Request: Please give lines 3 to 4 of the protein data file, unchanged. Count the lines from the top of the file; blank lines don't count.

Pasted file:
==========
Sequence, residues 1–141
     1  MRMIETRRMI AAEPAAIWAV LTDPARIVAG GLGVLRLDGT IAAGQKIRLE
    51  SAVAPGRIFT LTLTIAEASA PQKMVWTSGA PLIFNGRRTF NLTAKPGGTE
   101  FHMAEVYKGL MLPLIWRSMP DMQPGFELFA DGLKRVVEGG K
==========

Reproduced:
    51  SAVAPGRIFT LTLTIAEASA PQKMVWTSGA PLIFNGRRTF NLTAKPGGTE
   101  FHMAEVYKGL MLPLIWRSMP DMQPGFELFA DGLKRVVEGG K